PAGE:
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Networking as an Act of Service


How am I such a willing networker? I see the process differently than most people. Rather than entering an event trying to figure out how to get the most I can out of the people in the room, I take the opposite approach. I try to see how much I can give. I consider attending networking events my volunteer or “community service” time each month. Why? Here are my five reasons:

1) You gotta give to get. (It's called karma people.)

2) You're creating opportunities to reinforce your personal brand.

3) It will make your efforts feel like a great use of your time as opposed to a waste.

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4) “You can make more friends in two months by becoming really interested in other people, than you can in two years by trying to get other people interested in you.” – Dale Carnegie

5) You might get the results you want by offering help to the husband or partner of the elusive business owner you've been cold calling since last spring rather than continuing to call and call.

People Need Your Help

More often than not, the majority of the people at a networking event are there because they need help with something. Otherwise, they'd probably be home watching “Dancing with the Stars” or attending their kid's soccer game.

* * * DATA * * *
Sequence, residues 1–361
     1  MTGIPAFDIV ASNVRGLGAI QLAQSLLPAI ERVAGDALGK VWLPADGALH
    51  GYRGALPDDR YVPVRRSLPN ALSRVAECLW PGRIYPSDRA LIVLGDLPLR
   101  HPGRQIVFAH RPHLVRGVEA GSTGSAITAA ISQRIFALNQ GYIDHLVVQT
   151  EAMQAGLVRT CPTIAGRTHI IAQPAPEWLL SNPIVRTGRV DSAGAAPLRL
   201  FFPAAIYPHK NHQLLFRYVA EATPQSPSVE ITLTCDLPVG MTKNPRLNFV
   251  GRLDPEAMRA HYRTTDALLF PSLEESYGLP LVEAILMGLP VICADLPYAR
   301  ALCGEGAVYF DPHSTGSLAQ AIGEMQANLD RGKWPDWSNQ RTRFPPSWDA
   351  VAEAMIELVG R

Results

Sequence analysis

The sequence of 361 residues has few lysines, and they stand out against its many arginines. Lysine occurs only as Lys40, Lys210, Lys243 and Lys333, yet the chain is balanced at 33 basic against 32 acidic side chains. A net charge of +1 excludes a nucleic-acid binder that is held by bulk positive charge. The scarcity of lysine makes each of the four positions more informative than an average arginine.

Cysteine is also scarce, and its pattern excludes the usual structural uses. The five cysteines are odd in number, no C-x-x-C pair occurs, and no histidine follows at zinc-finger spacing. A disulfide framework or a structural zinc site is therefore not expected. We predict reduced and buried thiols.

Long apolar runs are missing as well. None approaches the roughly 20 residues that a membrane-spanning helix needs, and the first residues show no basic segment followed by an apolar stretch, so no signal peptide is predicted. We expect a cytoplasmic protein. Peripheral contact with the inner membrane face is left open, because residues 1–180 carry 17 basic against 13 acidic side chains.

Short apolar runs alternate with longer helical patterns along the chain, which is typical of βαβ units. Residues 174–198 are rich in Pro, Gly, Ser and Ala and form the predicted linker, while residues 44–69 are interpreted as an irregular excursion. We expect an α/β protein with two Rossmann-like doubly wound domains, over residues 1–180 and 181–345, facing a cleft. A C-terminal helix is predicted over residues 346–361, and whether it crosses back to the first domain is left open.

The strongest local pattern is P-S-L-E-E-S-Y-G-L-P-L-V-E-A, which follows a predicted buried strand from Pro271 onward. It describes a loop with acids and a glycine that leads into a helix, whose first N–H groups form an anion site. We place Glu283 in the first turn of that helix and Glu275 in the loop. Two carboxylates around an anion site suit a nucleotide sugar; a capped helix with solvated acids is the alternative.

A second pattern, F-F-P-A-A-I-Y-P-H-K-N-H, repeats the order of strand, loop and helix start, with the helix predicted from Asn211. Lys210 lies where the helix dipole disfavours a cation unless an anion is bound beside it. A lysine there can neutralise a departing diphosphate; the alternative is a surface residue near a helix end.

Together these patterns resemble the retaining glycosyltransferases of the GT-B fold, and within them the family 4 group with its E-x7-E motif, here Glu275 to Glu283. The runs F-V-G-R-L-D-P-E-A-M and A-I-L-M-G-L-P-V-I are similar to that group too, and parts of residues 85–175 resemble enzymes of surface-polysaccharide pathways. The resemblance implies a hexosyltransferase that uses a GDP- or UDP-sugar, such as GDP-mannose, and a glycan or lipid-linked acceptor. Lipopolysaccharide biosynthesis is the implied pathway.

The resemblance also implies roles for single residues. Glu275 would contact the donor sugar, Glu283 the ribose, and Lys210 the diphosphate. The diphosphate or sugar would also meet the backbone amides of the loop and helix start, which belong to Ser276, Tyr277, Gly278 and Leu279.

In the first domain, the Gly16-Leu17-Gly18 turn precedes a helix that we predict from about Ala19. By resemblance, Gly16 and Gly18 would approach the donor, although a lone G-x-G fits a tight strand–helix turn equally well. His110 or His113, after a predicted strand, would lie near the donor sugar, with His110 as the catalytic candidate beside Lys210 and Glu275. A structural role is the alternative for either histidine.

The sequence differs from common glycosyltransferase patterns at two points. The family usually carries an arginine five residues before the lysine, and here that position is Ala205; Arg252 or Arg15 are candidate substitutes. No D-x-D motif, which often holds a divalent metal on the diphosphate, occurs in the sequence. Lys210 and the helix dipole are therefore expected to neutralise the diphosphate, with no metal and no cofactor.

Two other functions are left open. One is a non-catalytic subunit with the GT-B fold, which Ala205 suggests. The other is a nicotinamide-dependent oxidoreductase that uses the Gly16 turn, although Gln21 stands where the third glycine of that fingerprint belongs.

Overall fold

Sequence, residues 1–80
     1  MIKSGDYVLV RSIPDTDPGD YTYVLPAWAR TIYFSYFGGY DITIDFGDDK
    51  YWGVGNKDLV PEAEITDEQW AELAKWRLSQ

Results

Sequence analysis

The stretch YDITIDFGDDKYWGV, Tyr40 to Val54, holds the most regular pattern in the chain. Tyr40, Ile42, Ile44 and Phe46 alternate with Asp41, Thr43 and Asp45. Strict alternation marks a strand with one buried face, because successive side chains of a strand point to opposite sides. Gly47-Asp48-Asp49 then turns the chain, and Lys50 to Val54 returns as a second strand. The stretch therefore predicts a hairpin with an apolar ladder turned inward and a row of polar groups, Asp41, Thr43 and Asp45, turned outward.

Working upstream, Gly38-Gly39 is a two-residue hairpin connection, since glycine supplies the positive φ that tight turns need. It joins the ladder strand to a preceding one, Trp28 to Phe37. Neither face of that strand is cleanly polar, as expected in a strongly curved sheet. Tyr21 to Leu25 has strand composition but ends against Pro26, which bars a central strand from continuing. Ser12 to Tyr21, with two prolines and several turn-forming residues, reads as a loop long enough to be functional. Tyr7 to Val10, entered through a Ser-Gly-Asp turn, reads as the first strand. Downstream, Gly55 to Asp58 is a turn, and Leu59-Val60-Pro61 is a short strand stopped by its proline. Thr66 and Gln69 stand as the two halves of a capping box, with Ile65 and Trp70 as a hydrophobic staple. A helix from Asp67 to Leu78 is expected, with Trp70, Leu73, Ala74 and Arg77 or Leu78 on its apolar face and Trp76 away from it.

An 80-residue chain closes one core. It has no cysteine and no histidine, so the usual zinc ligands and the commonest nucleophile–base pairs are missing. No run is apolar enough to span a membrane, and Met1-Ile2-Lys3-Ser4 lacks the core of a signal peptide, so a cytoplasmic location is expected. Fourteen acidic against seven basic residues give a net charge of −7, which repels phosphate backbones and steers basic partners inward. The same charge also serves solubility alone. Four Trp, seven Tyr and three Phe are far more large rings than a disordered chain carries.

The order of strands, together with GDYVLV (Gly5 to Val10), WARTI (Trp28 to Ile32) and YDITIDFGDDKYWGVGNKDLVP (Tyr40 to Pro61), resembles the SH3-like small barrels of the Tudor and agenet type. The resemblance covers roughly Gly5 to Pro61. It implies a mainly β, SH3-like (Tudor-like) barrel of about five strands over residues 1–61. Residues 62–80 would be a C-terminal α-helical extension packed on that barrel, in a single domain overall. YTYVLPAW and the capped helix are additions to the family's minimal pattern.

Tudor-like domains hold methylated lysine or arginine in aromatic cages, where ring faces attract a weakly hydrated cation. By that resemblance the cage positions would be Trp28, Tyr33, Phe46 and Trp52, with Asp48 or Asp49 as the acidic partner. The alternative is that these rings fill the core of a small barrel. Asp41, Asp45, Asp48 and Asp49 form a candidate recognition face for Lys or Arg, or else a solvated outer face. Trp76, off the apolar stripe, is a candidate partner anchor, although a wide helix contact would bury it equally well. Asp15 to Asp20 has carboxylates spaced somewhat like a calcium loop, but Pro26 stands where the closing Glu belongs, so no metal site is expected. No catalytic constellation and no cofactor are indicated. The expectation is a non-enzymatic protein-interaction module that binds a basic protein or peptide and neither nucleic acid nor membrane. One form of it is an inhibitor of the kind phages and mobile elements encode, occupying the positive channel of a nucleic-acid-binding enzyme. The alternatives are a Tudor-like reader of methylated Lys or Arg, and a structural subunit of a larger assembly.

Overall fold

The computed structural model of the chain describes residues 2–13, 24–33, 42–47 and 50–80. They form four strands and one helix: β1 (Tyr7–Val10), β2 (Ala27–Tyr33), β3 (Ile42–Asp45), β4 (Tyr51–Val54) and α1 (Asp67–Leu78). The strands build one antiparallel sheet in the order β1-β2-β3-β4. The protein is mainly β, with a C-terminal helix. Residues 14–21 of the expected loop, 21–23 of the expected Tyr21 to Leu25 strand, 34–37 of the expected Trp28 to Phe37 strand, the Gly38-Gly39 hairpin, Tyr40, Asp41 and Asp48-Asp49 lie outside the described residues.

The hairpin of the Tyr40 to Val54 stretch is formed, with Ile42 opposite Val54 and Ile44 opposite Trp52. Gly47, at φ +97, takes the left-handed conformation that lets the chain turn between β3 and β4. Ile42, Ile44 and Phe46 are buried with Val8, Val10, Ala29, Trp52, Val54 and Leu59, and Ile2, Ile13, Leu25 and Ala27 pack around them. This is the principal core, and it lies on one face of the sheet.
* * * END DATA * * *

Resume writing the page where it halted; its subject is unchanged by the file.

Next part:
The key is to make it easy for people to ask for help. Don’t force them to launch into a canned or fake-sounding elevator pitch. Why do people bother attending mixers, socials or networking event if they're not going to offer whatever help they can to the people they meet? What is the point of attending then? To be seen? To look for a date?

Pay It Forward

As usual, I want to evangelize the pay it forward approach to networking, and get more people to start thinking about attending networking events as a form of giving back to their communities. It's something that can be done a few times a quarter, month, week, or whatever your lifestyle allows.

For example, my lifestyle right now doesn't allow me to donate time at the senior center or with a local Girl Scout troop, but my business requires me to do a certain amount of networking each month. By focusing each conversation on "How can I help you right now?" it becomes an act of service. This perspective not only helps the other person (just asking and listening supports people), it also helps my karma, which always feels good.

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Photo credit: (flickr/Club KLM)

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